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Carom Billiard - 3-Cushion - Bert's column (NED)

An evening in the Ceulemans nest

Posted by on March 28, 2018

An evening in the Ceulemans nest

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It was Raymond's wish for many years, to have an all-Ceulemans 3-cushion team in the Belgian league. "Bompa", as they call him (grandpa) usually gets what he wants, and for the past few seasons their room in Lier has been host to the Mister 100 team: Peter, Kurt, Raymond and Bart Ceulemans. Koen (who is Kurt's older brother, Peter and Bart's father) is their substitute.  

It's a pretty good foursome, but not good enough to play for the team title. Mister 100 is currently in a share of 4th, 5th and 6th place, of 12 teams. The Deurne team (Hofman, Philipoom, van Erp, van Havere) have already secured the championship, with a round still to play. De Goeie Queue (Caudron, de Bruijn, de Jaeger, Hermans) will end in second place.  

I drove to Lier for two reasons: to watch some top notch 3-cushion, and to have a chat with Kurt about this summer's World Cup in Blankenberge. Kurt initiated that event and is the main organizer. It will be the first World Cup on Belgian soil since 2004, which is remarkable, given that Belgium is such a prime 3-cushion country.

This evening, Mister 100 played the Quality team from Zele. They lack a strong player on board four, but the other spots are filled by rather formidable guys: Merckx, de Backer and Jorissen. So, in the first of the two sessions, the easy win by Bart Ceulemans was taken for granted and most eyes were on the confrontation between the 33-year-old Dutchman and the 80-year-old Belgian legend.

With the aging Raymond now averaging just over 1.100 in the league, and Jorissen just under 1.300, the advantage was firmly to the Dutchman. It turned out to be a difficult match for both, with balls finding awkward spots and neither player showing much rhythm. Jorissen is a point away from the finish, makes a mistake. Raymond needs seven and has a good position: you can almost predict what is coming. One, two, three, four, five, six... Then, an unexpected miss. An inning later, he wins after all: 42-41. Raymond may be 80 and have nothing left to prove; but he is still hungry to win and angry at himself when he makes an avoidable mistake. He even has a comment (aloud) after the final point: "If that one had missed, I'd have broken my cue."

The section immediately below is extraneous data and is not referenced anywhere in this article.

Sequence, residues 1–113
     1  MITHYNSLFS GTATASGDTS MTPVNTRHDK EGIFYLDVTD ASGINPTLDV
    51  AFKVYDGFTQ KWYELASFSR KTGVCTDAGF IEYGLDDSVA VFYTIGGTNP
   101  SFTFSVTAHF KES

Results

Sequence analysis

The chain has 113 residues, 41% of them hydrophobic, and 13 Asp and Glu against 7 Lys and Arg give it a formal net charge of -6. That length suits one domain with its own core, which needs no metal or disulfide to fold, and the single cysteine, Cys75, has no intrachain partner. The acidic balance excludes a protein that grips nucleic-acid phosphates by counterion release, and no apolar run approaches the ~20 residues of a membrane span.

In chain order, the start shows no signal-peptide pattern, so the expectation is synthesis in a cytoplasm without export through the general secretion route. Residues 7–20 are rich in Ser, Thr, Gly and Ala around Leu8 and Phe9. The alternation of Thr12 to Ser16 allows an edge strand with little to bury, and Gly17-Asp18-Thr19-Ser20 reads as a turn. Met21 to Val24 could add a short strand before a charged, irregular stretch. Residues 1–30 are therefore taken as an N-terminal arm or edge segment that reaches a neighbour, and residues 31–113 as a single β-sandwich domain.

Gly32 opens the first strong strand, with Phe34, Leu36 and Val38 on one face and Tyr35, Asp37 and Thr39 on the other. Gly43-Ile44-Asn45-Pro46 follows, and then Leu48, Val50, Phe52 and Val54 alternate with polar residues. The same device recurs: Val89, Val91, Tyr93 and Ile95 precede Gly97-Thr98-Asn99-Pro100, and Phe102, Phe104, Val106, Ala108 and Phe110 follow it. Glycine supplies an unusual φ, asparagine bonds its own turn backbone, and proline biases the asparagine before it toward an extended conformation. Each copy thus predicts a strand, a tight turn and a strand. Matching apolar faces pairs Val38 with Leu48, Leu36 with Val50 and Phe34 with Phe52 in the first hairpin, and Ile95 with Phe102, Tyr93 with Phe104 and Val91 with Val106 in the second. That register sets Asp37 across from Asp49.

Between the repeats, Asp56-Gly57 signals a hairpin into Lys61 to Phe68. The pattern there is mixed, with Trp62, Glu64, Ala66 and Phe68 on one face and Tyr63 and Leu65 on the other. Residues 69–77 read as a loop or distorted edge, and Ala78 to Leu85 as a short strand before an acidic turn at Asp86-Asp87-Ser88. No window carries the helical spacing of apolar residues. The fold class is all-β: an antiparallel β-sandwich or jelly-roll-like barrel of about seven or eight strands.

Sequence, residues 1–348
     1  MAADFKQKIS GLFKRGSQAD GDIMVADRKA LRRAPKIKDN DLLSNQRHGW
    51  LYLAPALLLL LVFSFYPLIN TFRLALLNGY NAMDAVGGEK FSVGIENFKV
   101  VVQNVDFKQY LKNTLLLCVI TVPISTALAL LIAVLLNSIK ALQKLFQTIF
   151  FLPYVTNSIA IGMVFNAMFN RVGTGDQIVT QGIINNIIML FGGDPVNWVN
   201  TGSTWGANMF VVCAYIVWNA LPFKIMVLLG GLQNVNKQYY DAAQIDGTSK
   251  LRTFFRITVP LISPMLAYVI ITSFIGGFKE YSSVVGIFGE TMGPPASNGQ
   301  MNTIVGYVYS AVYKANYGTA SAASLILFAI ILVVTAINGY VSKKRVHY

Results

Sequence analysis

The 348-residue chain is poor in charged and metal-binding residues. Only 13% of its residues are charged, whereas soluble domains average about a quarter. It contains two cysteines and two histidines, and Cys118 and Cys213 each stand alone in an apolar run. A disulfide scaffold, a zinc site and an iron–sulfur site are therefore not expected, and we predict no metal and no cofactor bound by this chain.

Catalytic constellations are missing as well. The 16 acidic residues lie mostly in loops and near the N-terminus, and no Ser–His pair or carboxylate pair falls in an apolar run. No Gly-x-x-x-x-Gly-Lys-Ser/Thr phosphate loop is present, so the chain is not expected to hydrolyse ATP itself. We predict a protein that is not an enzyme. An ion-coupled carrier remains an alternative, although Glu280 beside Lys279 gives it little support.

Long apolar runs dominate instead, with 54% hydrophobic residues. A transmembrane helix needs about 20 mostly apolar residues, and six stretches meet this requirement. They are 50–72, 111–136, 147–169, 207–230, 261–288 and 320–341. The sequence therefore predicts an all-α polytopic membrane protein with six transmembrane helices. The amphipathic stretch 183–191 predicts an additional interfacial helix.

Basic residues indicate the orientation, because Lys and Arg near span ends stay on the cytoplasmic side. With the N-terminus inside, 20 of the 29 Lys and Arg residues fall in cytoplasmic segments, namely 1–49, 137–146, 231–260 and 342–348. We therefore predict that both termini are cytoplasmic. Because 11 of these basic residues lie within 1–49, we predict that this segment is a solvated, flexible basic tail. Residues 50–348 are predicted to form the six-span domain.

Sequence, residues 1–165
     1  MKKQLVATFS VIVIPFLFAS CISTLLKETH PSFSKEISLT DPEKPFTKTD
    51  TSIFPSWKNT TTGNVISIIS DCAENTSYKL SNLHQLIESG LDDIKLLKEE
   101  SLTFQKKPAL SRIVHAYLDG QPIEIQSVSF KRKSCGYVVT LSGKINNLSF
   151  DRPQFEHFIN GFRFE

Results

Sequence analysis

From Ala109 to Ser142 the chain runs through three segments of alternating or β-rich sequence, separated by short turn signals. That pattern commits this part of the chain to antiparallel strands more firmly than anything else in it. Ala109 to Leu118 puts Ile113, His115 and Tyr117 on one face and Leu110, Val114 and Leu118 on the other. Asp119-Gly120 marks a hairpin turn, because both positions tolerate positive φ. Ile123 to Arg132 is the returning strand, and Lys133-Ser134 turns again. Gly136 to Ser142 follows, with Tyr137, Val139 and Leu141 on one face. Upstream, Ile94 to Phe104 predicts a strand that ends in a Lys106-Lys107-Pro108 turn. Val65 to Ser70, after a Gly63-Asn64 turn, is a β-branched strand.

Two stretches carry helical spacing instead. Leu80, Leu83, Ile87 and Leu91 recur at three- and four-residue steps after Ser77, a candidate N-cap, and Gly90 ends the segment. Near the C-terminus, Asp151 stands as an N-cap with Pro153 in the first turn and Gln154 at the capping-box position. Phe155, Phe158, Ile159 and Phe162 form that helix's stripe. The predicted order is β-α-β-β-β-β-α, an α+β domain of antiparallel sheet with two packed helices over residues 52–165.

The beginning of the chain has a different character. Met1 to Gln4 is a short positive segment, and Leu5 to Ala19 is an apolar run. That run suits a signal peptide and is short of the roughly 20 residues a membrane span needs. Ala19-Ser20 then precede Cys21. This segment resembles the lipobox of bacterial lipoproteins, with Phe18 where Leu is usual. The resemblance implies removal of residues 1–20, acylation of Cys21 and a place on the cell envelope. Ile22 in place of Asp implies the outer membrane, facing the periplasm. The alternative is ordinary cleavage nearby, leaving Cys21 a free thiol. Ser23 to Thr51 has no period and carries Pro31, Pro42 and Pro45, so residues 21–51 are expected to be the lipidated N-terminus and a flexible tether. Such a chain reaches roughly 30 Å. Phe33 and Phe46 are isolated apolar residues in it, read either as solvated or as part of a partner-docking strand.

In the second session, Kurt locked horns with Peter de Backer, and I was almost surprised at the relaxed atmosphere of that match. Two alpha-male billiard players, both known to be a bit intimidating around the table, especially on their good days. Show them where your weakness is, and they'll run you over. But no ego-clashes this evening: they joked around and threw in the occasional crowd-pleasing exhibition point. Kurt was a little more effective: 50-44 in 40.   

The other table had the best quality match of the evening: Peter Ceulemans was obviously not going to lose to Eddy Merckx without putting up a fight. The strongest of the four Ceulemans players built up a big lead: 23-10 and 43-26. Then came the fightback, with Merckx running an 8 and a 7. Peter no longer hit the ball with the authority he had in the first 10 innings. The finish line was so near and yet so far. Merckx got out of trouble twice, with one of his signature long-long-long-solutions (warp speed), and he won it 50-49 in 28.  Believe it or not, his 43d point was actually long-long-long-long-long-long. There is no doubt in my mind that he is the best in the world, at this type of shot.    

 

EM shot lll

 

Now what can be more interesting than to hear some match analysis from Raymond Ceulemans himself? He is ever so proud of his grandsons, but he does not make excuses for them.

"Peter lost the momentum in the 22nd inning (and he puts the position on the table). He's fearful of the kiss, so what does he do? He hits the second ball very full. Yes, there's no longer a kiss, but he misses the point. Sometimes you need to avoid a kiss by half an inch, not by three inches. If he makes this one, he'll almost certainly have position for a few more. Eddy ran an eight after that miss."  

And then there's a following remark, which I found completely hilarious.

"I know Peter played a lot better than I did this evening. But I have the right to make a comment, don't I? I did win one or two tournaments you know, back in the old days..."   

Yes Raymond, you can make a comment. And you've just won first prize in the category: understatement of the year. 

 

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